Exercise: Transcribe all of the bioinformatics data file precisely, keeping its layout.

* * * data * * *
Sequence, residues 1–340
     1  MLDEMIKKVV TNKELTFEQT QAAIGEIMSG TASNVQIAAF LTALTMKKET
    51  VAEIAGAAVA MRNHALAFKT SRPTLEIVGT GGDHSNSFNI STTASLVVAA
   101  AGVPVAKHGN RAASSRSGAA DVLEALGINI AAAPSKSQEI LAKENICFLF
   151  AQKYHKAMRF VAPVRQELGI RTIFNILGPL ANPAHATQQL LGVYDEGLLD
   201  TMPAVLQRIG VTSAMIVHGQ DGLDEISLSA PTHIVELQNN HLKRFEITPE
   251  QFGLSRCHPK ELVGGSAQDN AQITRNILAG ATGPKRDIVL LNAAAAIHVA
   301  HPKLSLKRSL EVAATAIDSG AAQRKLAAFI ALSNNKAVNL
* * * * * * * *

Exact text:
Sequence, residues 1–340
     1  MLDEMIKKVV TNKELTFEQT QAAIGEIMSG TASNVQIAAF LTALTMKKET
    51  VAEIAGAAVA MRNHALAFKT SRPTLEIVGT GGDHSNSFNI STTASLVVAA
   101  AGVPVAKHGN RAASSRSGAA DVLEALGINI AAAPSKSQEI LAKENICFLF
   151  AQKYHKAMRF VAPVRQELGI RTIFNILGPL ANPAHATQQL LGVYDEGLLD
   201  TMPAVLQRIG VTSAMIVHGQ DGLDEISLSA PTHIVELQNN HLKRFEITPE
   251  QFGLSRCHPK ELVGGSAQDN AQITRNILAG ATGPKRDIVL LNAAAAIHVA
   301  HPKLSLKRSL EVAATAIDSG AAQRKLAAFI ALSNNKAVNL